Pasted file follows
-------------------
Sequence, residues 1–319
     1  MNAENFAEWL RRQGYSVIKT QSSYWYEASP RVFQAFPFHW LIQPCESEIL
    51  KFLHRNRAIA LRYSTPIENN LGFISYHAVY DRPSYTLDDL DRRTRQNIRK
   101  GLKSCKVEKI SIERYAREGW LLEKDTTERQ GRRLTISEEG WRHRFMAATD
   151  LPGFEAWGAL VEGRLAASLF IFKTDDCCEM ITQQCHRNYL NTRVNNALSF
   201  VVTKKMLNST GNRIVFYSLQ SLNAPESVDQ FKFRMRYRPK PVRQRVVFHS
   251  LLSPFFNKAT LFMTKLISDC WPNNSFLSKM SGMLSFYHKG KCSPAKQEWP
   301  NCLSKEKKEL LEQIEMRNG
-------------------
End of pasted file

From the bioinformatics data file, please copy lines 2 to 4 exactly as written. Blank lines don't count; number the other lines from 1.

     1  MNAENFAEWL RRQGYSVIKT QSSYWYEASP RVFQAFPFHW LIQPCESEIL
    51  KFLHRNRAIA LRYSTPIENN LGFISYHAVY DRPSYTLDDL DRRTRQNIRK
   101  GLKSCKVEKI SIERYAREGW LLEKDTTERQ GRRLTISEEG WRHRFMAATD